Windsor entrepreneur hopes to improve the process for coach evaluation
May 30, 2017
Milan Larson of Windsor remembers feeling aggravated when a coach spoke aggressively to his daughter and her teammates.
"I had to do everything I could to not come uncorked," Larson said.
That experience, he said, sparked his new company, Dare2Coach, which provides a specialized survey to sports teams for coach evaluation.
Larson talked to hundreds of coaches and teams, who said they needed a way to get insights from players, parents, administrators and peers to improve their coaching techniques.
About two years ago, Larson said, he was talking to a coach who had heard about a 360-degree evaluation that Larson has experience with as a Human Resources consultant.
"The coach says, 'I've never heard of that, and I would love to see if I couldn't do that because I think there's something I could get as far as insights that I'm not currently getting from my players,' " he said.
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So Larson started looking for any similar process for sports teams, and when he couldn't find anything he began developing a process for coach evaluation by talking to 300 coaches and administrators in 2016.
"What is a great coach?" he asked them.
The answers often aligned, Larson said, and he began to develop a measurement of what makes someone a good coach.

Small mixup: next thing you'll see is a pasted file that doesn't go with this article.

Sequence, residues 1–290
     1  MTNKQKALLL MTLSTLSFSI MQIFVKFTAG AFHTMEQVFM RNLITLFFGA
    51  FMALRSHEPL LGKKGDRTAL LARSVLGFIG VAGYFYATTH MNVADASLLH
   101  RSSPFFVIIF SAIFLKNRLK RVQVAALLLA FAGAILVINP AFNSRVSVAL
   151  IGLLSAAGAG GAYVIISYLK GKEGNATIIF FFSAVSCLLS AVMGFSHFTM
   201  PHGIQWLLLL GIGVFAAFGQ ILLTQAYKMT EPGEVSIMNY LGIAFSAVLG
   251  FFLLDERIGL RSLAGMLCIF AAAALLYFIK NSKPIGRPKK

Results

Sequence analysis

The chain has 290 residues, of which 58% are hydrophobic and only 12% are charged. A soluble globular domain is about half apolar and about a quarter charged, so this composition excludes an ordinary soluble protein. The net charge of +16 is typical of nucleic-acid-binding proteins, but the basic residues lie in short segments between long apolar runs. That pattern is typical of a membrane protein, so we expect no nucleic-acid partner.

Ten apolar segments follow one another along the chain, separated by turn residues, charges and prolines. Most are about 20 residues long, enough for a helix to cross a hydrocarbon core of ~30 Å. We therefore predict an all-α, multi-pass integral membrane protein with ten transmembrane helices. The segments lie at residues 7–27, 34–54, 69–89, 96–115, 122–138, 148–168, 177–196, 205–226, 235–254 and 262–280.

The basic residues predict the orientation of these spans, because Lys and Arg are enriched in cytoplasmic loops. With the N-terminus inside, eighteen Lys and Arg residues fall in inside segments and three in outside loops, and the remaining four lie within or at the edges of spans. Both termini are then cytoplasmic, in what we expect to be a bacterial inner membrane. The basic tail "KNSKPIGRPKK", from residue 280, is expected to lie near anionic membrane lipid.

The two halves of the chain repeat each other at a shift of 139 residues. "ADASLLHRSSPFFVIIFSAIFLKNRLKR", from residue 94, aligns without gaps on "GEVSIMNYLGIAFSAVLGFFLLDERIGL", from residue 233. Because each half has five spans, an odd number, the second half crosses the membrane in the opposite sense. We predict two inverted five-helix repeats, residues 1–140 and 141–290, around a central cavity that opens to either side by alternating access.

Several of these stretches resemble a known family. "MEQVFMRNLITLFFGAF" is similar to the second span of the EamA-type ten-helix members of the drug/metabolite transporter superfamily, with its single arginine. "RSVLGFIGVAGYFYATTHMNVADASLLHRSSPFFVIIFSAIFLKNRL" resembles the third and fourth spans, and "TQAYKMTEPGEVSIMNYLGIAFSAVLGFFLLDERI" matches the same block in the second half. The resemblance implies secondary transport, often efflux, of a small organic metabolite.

Some of the ways people measured coaches when he talked to them, Larson said, was the kind of person they are, how they run practices, how well they build relationships, and how they act and react during a came.
"The sports industry needs a standard measure, something to measure against," he said.
Larson hopes he has provided that standard, giving coaches who view the survey a way to see themselves next to an average.
Because coaches rarely receive feedback, Larson said, he hopes to start a dialogue that allows them to improve, and start a conversation about building student players up.
"There's too much tearing down from a mental aspect," he said.
When reviewing research, Larson said he discovered 50 percent of students have had a negative experience with a coach, which lead to around 80 percent dropping out of sports by age 15.
Larson wants to change that.
"The students are the priority," he said.
His passion and excitement about his new business, Larson said, helped him reach his goal of launching the company this year.
"When it's in your heart, it carries itself," he said.